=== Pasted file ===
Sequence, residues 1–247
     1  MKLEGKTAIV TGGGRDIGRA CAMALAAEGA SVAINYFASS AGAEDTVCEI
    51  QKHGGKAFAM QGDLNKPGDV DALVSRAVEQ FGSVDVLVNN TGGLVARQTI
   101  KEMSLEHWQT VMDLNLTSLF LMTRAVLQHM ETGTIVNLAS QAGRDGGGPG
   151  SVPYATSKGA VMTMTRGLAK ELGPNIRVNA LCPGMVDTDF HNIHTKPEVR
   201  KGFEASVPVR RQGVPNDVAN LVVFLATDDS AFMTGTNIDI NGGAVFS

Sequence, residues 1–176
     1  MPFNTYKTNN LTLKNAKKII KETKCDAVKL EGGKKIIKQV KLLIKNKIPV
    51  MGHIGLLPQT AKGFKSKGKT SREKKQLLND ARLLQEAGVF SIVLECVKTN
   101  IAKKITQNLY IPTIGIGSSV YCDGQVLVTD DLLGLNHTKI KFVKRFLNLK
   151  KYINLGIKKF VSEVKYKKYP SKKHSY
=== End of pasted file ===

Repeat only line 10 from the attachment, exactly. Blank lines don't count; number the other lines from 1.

   101  IAKKITQNLY IPTIGIGSSV YCDGQVLVTD DLLGLNHTKI KFVKRFLNLK